Dental Hygienist: Career Definition, Occupational Outlook, and Education Prerequisites

Research what it takes to become a dental hygienist. Learn about job duties, employment outlook and education requirements to find out if this is the career for you. Schools offering Dental Hygiene degrees can also be found in these popular choices.

What Is a Dental Hygienist?

Dental hygienists assist dentists in caring for patients' teeth and educating patients on good oral health practices. As part of providing preventative care they examine patients for oral disease, remove tartar and plaque from teeth, and apply fluoride to protect teeth. They are also trained to use a variety of dental tools, including x-ray machines and even lasers. These professionals must document their patients' care, and report findings to the dentist. Dental hygienists may demonstrate proper brushing or flossing techniques, and explain the importance of a good diet to oral health. The following chart gives you an overview about a career as a dental hygienist.

Degree Required Associate's degree most common; certificate and bachelor's degree programs also available
Education Field of Study Dental hygiene
Key Responsibilities Clean patients' teeth; take x-rays and develop images; apply fluoride and sealants to teeth; teach proper dental hygiene
Licensure and/or Certification All states require licensure
Job Growth (2014-2024) 19%*
Median Salary (2015) $72,330*

Source: *U.S. Bureau of Labor Statistics

What Is the Career Definition of a Dental Hygienist?

Dental hygienists provide preventative dental care by examining and cleaning patients' teeth. They're also responsible for taking x-rays, removing plaque, screening patients for gum disease and oral cancers and stressing the value of good nutrition as it relates to oral health. As a dental hygienist, you'd teach proper brushing and flossing techniques and ensure that dental equipment is in good working order. Depending on which state in which you'd like to practice, you might be qualified to administer local anesthetics and assist with basic dental surgeries, as well as removing sutures or applying temporary fillings.

What Is the Occupational Outlook?

Jobs for dental hygienists were expected to increase by 19% between 2014 and 2024, making it one of the fastest-growing occupations in the country. The U.S. Bureau of Labor Statistics (BLS) reported that, as of 2014, approximately 200,500 dental hygienists worked in the United States. The BLS attributed the growing need for the services of dental hygienists to an increase in older citizens who were keeping their teeth rather than having them extracted and to newly found correlations between oral health and overall health. The BLS also noted that as interest in dental health grew, more jobs would become available in dentist's offices, since many dentists required the assistance of dental hygienists.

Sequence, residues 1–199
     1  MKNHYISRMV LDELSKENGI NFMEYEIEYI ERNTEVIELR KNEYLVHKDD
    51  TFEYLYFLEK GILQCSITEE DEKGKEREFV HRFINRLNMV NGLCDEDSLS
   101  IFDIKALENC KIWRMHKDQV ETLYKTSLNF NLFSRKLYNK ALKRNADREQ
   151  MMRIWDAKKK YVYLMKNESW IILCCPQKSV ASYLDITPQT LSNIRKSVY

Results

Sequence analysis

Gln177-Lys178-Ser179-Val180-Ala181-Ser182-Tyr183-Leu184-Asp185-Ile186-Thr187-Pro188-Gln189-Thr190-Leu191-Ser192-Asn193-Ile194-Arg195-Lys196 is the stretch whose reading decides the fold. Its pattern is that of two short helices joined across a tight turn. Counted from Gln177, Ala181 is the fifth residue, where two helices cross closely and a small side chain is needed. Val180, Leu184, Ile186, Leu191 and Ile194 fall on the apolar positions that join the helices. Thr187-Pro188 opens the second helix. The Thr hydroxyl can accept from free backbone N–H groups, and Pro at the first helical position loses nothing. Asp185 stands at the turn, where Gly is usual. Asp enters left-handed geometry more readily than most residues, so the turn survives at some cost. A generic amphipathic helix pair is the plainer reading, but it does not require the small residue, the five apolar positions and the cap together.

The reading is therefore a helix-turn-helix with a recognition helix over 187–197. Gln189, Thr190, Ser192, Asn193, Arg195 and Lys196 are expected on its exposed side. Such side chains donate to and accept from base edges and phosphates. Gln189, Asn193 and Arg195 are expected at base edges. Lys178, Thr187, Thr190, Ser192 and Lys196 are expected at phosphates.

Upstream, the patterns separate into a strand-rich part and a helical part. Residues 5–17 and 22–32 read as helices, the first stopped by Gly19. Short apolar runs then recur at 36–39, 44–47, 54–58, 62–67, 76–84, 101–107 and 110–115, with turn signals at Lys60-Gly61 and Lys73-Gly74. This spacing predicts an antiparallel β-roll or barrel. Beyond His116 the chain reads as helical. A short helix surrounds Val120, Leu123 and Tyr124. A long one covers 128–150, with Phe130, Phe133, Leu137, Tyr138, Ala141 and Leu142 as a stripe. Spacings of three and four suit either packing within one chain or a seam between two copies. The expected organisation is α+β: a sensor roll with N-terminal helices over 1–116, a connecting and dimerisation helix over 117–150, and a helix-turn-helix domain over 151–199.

What Prerequisites Must I Fulfill?

A career as a dental hygienist requires that you complete a dental hygiene program, preferably one that has been accredited by the Commission on Dental Accreditation, which is a branch of the American Dental Association (ADA). Prerequisites for entry to these programs include a high school diploma and the submission of ACT or SAT scores. If you took high school courses in chemistry, biology and mathematics, that can help prepare you for the course of study. Some dental hygiene programs require at least one year of college coursework.

At minimum, you'll need a certificate or a 2-year associate's degree in dental hygiene to practice in a dentist's office. You can find such programs at community and technical colleges and at universities throughout the country. Associate's degree programs consist of classroom, laboratory and clinical instruction, and they generally focus on such topics as inorganic chemistry, dental radiology, clinical dental hygiene, pharmacology, anesthesiology and periodontology.

After completing your educational training, you'll then need to obtain a license. This is a requirement in almost every state. The licensing process will involve taking written and clinical examinations, which are given by the Joint Commission on National Dental Examinations of the ADA. If you'd like to teach dental hygiene, perform research or work within a public health or school system, you'll have to acquire a bachelor's or master's degree in the subject.

What Are Some Related Alternative Careers?

There are several related careers that require different levels of education. Dental assistants need a postsecondary non-degree award. They also work with dentists to help take x-rays, record medical histories and schedule appointments. Radiation therapy is a similar field that requires an associate's degree, along with certification or licensure. Radiation therapists administer radiation treatments to their patients battling disease. Registered nurses (RNs) need a bachelor's degree and licensure, and they provide patient care, educate the public and provide support to patients and their families.

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